Tristan Hyde and Jill Jekel are distant descendants of the infamous Dr. Jekyll and Mr. Hyde. They both have an interest in chemistry like their ancestors, and Tristan has another dangerous similarity to Mr. Hyde. When he gets excited, he just might turn into a murderous monster.
Jill and Tristan start working together in an attempt to win a college scholarship for her and kill the monster who lurks within Tristan.
I like Tristan even though he wasn’t the most complex character. I think most of us have read about the brooding, dark, handsome hero who would be perfect if it wasn’t for some darn supernatural curse that turned him into a killing machine. However, his character is original in that his monster isn’t a werewolf or another easily recognized supernatural creature. His monster is more cerebral than physical. In the beginning of the book, you are aware of the deep desire that the monster has for murder and mayhem, but you don’t get to experience him doing anything until later on. I found myself losing track of when it was Tristan’s own darkness that was driving his actions and when the monster had taken over.
The overall classic feel of this book was something I both liked and disliked. I have read a few classic mystery and science fiction novels, and this book reminding me of them quite a bit, but for every moment that the language was beautifully descriptive and poetic, it also felt stale. As much as I liked him, Tristan just didn’t read like a 17-year-old kid. He was always intimidating some adult and taking charge of the situation. That works for the leading man in a book, but Tristan wasn’t a man! He was just a kid with a dark secret.
Jill wasn’t a badly written character, but she annoyed me. She could be really childish and selfish, and that didn’t match with her “good girl” persona. I think that she was meant to be complex, but I just wanted to tell her to get a grip and grow up.
After a particularly frightening encounter with Tristan’s alter ego, where he almost hurts her, she forgives him right away and starts kissing him. I don’t particularly care for it when the heroine is hurt by the hero and forgives him right away because “he wasn’t himself”. My complaint isn’t actually about the fact that Jill forgave Tristan so quickly though; I got over that. What I never really got over, was what Jill did get angry about. She cared more about who he may or may not have slept with long before he knew who she was than she did about the fact that he might have killed someone.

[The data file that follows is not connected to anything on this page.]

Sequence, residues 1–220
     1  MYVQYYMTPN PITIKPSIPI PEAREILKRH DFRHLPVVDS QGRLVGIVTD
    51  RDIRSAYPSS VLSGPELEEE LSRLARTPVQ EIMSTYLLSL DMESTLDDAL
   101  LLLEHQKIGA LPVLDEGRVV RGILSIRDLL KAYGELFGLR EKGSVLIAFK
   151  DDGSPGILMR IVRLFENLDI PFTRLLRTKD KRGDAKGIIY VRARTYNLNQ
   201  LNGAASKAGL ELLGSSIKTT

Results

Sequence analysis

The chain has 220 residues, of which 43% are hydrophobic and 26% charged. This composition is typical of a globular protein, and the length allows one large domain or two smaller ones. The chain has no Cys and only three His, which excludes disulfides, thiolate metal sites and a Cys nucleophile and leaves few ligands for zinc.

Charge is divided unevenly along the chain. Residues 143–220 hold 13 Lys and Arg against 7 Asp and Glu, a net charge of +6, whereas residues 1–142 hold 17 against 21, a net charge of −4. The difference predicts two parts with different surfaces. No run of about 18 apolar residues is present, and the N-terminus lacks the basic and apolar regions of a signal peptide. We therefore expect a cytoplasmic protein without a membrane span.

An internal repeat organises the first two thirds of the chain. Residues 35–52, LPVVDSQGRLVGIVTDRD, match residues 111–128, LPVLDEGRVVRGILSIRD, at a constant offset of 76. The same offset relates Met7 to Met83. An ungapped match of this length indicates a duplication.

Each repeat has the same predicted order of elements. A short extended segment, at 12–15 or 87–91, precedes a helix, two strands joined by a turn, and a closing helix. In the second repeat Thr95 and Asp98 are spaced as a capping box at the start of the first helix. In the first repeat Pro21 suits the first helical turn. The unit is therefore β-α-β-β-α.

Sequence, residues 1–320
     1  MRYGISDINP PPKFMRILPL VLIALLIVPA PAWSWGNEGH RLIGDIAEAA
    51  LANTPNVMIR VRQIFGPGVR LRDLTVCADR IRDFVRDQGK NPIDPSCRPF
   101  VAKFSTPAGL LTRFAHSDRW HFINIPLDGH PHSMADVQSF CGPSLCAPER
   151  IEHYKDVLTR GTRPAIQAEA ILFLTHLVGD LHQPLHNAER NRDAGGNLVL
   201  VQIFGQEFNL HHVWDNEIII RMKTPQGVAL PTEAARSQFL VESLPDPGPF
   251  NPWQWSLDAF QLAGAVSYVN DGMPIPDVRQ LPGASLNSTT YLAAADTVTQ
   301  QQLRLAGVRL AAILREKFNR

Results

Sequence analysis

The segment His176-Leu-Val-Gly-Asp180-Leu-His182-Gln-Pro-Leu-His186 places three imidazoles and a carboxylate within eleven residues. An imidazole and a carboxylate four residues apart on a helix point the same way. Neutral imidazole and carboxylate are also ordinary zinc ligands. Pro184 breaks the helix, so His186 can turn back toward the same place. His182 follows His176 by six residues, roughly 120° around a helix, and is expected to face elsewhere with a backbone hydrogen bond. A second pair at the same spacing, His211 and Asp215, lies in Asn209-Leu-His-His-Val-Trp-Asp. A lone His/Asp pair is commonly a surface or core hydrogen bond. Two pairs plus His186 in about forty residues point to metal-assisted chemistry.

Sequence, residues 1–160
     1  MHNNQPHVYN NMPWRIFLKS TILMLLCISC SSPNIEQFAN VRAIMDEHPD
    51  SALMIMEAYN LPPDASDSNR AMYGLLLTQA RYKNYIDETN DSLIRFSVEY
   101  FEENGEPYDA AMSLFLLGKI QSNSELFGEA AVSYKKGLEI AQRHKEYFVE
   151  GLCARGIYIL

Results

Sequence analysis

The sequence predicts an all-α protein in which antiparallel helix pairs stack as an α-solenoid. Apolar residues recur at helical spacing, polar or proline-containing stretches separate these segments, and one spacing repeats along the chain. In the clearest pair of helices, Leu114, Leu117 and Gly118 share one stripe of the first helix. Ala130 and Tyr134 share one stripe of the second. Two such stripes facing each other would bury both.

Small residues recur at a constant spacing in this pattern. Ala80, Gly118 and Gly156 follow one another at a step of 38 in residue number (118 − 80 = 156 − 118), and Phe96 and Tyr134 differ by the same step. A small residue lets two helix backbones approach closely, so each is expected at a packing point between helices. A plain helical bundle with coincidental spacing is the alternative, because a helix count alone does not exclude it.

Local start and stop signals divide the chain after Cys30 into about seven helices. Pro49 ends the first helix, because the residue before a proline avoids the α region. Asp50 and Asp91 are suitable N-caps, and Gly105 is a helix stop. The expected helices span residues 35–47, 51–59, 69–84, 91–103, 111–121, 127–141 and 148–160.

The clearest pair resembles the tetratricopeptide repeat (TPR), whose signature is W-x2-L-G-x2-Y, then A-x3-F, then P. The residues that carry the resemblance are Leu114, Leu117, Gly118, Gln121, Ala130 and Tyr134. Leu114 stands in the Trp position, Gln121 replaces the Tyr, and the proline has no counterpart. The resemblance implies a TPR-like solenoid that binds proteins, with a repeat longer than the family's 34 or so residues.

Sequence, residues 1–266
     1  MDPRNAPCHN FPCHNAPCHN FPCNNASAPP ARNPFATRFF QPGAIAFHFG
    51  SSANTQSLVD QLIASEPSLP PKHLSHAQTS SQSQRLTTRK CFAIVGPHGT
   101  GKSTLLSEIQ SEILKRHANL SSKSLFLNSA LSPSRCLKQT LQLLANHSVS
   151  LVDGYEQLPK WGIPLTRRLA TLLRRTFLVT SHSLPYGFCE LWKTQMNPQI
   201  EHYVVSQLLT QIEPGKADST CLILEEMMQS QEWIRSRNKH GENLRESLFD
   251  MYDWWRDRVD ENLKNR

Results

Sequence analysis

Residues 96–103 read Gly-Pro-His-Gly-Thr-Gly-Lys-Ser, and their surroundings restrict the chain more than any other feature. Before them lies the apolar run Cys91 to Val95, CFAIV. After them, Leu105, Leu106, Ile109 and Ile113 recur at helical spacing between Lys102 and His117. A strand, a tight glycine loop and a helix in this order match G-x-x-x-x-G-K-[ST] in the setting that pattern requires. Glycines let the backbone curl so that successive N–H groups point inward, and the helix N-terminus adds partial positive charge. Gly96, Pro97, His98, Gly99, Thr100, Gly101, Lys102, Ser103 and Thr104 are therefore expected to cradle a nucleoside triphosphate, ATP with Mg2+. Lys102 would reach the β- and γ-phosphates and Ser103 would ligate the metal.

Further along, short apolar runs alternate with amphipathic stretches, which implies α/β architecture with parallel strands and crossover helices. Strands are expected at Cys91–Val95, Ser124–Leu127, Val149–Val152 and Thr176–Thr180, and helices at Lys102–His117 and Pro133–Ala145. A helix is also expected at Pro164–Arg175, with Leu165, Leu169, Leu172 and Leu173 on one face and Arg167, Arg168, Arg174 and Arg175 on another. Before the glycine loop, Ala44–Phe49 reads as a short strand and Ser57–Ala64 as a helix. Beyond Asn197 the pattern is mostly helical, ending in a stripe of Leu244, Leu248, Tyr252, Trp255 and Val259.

I also disliked the inconsistencies in the story. I know I am being nitpicky, but they were there, and they kept bugging me.
Tristan makes a point of telling Jill that they aren’t distant relatives because Dr, Jekyll and Mr. Hyde were two different people. Jill is a descendant of the good Dr. Jekyll and Tristan has the misfortune of being descended from the monster, Hyde. However, Tristan and his monster share one body. Sure his appearance changes slightly when the monster is in control, but not enough for them to be two different people. Tristian is even aware of some of the things his body is doing when the monster is gaining control. Plus I never completely understood how the transformation worked.
The writing in this book was good, and I completely understand that the story is meant to shine a light on what being good and bad truly mean. Tristan and Jill are two ordinary people who have very deep desires that lead them to do some stupid things sometimes, but they just want to be happy and loved. They are lonely when the book begins, and it is nice that they were able to find each other.
I can’t say that this is a new favorite of mine, but it wasn’t a waste of my time to read it. I got enough enjoyment out of reading this to want to see what else the author is capable of.
Because of language violence and mild sexual content, I would recommend this book for ages 14 and up.